Shared Memory Architecture Provides a Transparent Corner Turn

Data corner turning is a common function used in real-time signal and image processing to: localize the data set to be processed in individual processors; as well as orient data in the "fast" dimension of the processor's SDRAM so that computational processing can be performed efficiently. Three steps characterize classical strategies, developed to work on distributed memory architectures:
a) Perform the first dimension of processing on data stored in the fast dimension of SDRAM
b) Reorganize (corner-turn) the data so that the second dimension of processing is in the fast dimension of SDRAM
c) Perform the second dimension of processing on data stored in the fast dimension of SDRAM

On the other hand, shared memory architectures, offer the potential for nearly eliminating the corner-turn step in this process, resulting in substantially reduced real-time execution. To obtain this reduction, the algorithm library that runs on the shared memory architecture needs to provide the option to execute algorithms efficiently from strided data sets.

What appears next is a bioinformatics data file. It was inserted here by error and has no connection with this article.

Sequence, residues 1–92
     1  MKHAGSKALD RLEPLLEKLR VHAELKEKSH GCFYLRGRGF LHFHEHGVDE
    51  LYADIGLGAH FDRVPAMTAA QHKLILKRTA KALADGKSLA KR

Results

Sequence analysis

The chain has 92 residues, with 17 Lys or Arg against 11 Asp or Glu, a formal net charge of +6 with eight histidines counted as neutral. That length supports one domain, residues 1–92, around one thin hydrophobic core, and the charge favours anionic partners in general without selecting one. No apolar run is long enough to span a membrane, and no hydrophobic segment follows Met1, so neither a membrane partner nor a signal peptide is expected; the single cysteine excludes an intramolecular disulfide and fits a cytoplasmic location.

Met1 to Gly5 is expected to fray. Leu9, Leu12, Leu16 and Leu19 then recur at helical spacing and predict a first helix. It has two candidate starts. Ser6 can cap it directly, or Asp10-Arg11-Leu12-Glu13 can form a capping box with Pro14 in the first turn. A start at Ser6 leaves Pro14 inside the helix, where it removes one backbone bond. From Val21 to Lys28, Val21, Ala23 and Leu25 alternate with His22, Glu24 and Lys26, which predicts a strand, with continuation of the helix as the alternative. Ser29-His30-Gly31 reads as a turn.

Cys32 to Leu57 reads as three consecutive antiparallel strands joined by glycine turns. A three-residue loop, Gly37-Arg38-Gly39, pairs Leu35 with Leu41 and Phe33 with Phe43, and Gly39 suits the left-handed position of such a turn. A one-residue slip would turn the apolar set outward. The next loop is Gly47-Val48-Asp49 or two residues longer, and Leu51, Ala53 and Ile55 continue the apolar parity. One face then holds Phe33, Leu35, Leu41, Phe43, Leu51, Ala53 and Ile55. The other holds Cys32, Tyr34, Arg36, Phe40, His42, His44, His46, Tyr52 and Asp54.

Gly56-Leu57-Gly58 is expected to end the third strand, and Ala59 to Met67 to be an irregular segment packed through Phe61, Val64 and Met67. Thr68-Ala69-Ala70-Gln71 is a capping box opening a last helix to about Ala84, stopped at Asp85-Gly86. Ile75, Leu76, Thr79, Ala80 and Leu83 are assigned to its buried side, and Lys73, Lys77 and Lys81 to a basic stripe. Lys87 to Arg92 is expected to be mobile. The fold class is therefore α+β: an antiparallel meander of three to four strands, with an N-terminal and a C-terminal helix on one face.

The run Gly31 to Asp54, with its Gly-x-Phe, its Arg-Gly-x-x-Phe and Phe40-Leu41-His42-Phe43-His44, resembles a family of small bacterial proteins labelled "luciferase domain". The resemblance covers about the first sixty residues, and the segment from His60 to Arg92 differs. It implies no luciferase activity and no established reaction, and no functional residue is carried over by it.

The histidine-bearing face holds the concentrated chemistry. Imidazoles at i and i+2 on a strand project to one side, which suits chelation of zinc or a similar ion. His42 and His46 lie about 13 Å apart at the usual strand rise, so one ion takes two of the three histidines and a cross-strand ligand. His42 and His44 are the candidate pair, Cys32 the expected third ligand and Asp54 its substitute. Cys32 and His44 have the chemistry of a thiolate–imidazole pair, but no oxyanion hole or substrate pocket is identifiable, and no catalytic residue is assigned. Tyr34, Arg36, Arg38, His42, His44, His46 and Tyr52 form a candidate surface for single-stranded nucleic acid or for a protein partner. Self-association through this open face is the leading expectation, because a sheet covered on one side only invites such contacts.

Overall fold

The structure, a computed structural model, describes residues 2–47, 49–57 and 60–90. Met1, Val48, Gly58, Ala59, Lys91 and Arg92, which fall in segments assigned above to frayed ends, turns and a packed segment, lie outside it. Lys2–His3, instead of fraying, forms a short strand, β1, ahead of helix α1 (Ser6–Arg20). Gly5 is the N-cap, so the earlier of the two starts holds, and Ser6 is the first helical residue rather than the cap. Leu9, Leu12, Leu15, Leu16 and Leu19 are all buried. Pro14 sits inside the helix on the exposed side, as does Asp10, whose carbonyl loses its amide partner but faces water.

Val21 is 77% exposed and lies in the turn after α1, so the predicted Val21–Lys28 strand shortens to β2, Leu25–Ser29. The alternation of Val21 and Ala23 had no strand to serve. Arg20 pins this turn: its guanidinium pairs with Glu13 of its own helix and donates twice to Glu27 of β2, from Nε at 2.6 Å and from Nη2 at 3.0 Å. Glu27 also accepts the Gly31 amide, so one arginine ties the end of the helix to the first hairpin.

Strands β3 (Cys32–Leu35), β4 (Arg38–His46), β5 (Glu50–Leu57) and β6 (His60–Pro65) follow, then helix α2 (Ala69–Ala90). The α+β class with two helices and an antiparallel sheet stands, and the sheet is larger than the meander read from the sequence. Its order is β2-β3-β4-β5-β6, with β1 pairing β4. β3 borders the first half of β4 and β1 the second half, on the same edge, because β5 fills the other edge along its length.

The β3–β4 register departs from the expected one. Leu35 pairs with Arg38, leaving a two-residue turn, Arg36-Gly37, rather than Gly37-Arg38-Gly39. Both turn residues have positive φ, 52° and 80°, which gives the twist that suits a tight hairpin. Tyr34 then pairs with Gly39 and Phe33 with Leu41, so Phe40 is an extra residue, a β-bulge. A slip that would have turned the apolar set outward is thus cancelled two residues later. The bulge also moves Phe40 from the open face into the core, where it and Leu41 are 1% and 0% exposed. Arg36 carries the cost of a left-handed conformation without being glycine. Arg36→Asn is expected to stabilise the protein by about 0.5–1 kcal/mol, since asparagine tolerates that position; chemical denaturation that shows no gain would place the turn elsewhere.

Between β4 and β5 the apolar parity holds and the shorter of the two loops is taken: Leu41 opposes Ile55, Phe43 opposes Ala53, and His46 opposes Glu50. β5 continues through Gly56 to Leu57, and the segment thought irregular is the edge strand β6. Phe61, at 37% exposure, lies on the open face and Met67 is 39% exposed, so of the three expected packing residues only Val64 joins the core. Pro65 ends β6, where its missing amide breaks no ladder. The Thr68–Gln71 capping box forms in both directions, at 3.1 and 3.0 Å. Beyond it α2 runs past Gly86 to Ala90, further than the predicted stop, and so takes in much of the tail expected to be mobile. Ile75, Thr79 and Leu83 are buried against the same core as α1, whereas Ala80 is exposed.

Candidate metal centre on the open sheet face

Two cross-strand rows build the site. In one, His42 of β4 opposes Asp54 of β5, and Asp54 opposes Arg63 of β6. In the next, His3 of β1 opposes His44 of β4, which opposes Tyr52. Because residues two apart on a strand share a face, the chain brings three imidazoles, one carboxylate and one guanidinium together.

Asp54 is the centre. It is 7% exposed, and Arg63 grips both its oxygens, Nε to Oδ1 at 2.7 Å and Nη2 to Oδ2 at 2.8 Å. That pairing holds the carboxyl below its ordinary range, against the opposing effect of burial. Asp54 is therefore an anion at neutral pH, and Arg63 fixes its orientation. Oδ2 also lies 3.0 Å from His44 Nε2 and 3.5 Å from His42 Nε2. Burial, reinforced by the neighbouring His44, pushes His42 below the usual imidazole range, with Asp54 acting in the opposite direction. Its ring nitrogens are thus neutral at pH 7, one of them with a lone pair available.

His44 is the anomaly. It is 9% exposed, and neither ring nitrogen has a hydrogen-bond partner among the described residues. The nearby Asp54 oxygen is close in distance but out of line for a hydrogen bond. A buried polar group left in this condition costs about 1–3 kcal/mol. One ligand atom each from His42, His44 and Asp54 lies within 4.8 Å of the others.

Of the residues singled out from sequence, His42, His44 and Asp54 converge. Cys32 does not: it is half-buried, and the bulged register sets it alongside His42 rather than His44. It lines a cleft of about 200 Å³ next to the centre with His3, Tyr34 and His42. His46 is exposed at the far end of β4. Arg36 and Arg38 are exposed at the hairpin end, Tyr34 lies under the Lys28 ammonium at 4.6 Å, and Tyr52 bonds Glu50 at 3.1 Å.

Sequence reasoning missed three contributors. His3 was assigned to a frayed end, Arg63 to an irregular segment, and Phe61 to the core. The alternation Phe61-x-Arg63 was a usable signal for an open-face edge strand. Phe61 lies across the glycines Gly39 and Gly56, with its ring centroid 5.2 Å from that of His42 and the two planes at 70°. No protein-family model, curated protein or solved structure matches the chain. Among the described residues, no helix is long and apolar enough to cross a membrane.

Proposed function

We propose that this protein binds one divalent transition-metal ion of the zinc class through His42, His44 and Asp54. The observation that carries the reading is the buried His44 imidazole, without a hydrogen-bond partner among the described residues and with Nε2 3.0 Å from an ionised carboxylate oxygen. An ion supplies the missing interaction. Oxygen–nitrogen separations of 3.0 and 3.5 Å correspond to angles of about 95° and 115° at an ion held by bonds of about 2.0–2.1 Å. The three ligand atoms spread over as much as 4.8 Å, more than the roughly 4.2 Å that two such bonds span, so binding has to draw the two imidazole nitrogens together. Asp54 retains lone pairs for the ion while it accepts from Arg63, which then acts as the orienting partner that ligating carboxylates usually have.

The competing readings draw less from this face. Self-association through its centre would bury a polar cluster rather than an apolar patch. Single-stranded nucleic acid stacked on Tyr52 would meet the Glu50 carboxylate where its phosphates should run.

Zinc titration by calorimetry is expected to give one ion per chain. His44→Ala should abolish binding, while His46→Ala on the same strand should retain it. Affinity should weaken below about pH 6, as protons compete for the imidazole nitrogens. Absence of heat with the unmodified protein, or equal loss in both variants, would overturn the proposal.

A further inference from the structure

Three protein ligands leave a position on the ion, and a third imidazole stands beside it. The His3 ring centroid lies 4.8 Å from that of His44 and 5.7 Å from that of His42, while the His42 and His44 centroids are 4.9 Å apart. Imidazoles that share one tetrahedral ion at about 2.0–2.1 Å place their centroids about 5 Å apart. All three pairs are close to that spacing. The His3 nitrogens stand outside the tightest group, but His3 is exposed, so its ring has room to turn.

The DNA-CS VQG4 quad Power PC board utilizes shared memory architecture and has a complementary "Core" VSIPL Library implementation available. This VSIPL implementation has been optimized for both strided and unstrided data sets in order to obtain the highest performance possible for either data form. This paper describe the processing strategy and provide real-time execution estimates based on the DNA-CS VSIPL Library performance as well as the VQG4's ability to sustain data transfers with SDRAM to obtain a transparent corner-turn.

For this data set size and computational requirement, 88% of the corner-turn penalty is eliminated. Each data array size and processing requirement will yield different results. What is most important is that the corner-turn overhead can be virtually eliminated from real-time processing estimates by the combination of shared memory and optimized libraries that support data striding.

View Entire Paper | Previous Page | White Papers Search

If you found this page useful, bookmark and share it on: